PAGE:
ghost dancers

This is an homage to Mary Oliver and her poem Ghosts — her moving sermon for the lost bison herds of the American pioneer west, killed to starve the Native American tribes out.

It is also a eulogy to the sakadas of Negros Island — the migrant Filipino farm laborers who watched their children helpless as they starved to death, at the height of the Marcos martial law sugar plunder.

In a decade of deliberate historical distortion the dictator’s heirs have returned — brandishing their ill-gotten wealth in a bid to retell the tale of their ugly, nasty past into a burnished fable of their own making.

Bayan Negros protest streamer says, “behind the smiles of MassKara lie hunger and poverty.”

The recent local MassKara Festival was the ideal event for the Marcos grand rehabilitation campaign. To have the dictator’s son so grandly feted and hailed back — on the very land where so many lives were lost to government corruption and brutal military tactics when they were in power.

1

Have you noticed?

2

Where so many millions of powerful bawling beasts

lay down on the earth and died

it’s hard to tell now

what’s bone, and what merely

was once.

Enemies and innocents tortured and murdered — their bodies left to rot and turn putrid in the boiling tropical humidity — while loved ones and neighbors stood immobilized, afraid to bury their dead for fear of vengeful retaliation.

The golden eagle, for instance,

has a bit of heaviness in him;

moreover the huge barns

seem ready, sometimes, to ramble off

toward deeper grass.

The sugar monopoly imposed by Marcos and his cronies forced sugar planters into debt and bankruptcy. Over 190,000 sugar workers lost their livelihood and over a million sacadas and their families in Negros suffered during the 1985 Negros Famine. Across the island people bowed down — broken and desperate.

3

1805

near the Bitterroot Mountains:

a man named Lewis kneels down

on the prairie watching

a sparrow’s nest cleverly concealed in the wild hyssop

and lined with buffalo hair.

Proclamation 1081 — read by Ferdinand the Father on national TV placed the entire Philippines under Martial Law. In a pre-emptive move — Ferdinand the dictator ordered the arrests of all his unarmed political opponents, journalists critical of him and his, businessmen, professors, students, and all left leaning organizations. Or whatever else Ferdinand the Goon chose to claim.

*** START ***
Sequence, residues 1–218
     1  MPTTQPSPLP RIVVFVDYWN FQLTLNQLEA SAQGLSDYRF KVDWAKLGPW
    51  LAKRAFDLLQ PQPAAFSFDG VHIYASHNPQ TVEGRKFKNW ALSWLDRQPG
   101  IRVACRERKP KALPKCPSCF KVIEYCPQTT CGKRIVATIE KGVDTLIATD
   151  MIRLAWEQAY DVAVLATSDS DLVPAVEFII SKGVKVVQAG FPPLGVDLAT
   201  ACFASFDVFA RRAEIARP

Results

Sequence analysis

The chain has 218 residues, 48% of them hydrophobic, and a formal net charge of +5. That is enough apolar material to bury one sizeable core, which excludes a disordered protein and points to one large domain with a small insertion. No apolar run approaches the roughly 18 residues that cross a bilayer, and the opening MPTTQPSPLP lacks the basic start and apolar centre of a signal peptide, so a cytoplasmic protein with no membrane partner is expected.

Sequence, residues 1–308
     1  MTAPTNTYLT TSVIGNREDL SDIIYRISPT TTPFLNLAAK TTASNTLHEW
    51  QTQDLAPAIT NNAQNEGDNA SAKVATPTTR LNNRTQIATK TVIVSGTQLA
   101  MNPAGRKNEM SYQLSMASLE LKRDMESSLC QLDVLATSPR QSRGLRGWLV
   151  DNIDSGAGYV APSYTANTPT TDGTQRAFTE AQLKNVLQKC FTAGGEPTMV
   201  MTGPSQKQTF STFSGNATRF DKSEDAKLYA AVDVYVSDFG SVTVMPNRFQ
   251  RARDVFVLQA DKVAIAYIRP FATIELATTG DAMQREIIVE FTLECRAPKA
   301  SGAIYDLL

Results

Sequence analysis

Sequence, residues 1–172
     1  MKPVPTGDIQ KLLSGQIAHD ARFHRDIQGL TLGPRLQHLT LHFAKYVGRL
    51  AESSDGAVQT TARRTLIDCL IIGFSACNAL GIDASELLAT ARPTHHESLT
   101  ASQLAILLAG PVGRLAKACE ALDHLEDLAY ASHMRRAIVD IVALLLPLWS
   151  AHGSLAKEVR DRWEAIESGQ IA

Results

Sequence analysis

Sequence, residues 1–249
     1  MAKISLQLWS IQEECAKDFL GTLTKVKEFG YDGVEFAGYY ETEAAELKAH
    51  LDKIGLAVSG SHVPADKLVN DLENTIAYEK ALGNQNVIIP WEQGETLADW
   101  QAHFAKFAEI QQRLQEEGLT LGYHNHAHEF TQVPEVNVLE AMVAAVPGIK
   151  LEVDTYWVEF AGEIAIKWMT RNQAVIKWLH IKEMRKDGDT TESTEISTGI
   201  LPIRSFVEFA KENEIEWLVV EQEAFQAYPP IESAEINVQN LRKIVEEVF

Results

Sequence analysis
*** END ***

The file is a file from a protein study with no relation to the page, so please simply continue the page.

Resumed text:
The chicks,

not more than a day hatched, lean

quietly into the thick wool as if

content, after all,

to have left the perfect world and fallen,

helpless and blind,

into the flowered fields and the perils

of this one.

At the provincial hospital hundreds of malnourished children lined the floors tended by their desperate mothers. Past the countryside through cane fields and small towns where skeletal children sat silent and listless lining the roadside. Over 100,000 children in various degrees of malnutrition were put on feeding programs to save those they could. We are left to wonder how many were saved.

4

In the book of the earth it is written:

nothing can die.

In the book of the Sioux it is written:

they have gone away into the earth to hide.

Nothing will coax them out again

but the people dancing.

In local news the year’s MassKara theme was under fire — balik yuhom meant to put the smile back on our faces — turned sour in the wake of a blatant Marcosian agenda and comeback.

Crestfallen faces greeted the visiting VIPs — their entourage of blaring sirens blocking traffic, their cordon sanitaire brandishing bling — blinding the public. Chaos and havoc with not much else accomplished.

Pretentious VIPs who won’t return or generate tourist traffic — just their one time-big time blowout as the island nurses its hunger for more. #makeachange or #moveon? #focusonpriorities or #partyparty?

Since they left the island has been devastated by yet another tropical storm. While homes and lives are washed away in surge waters and floods the president and his vice sit and wait it out — doing nothing.

Halfway around the world — former VP Leni Robredo, busy lecturing at a leadership program in the US — makes calls and mobilizes teams on the ground — remotely managing relief efforts and rehabilitation all around the Philippines.

This wonder woman wins the day — as usual.

Originally published at http://changewarrior.blogspot.com.

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Bhakti Issa Urra

canvassing consciousness, constantly curious — ever challenged & changed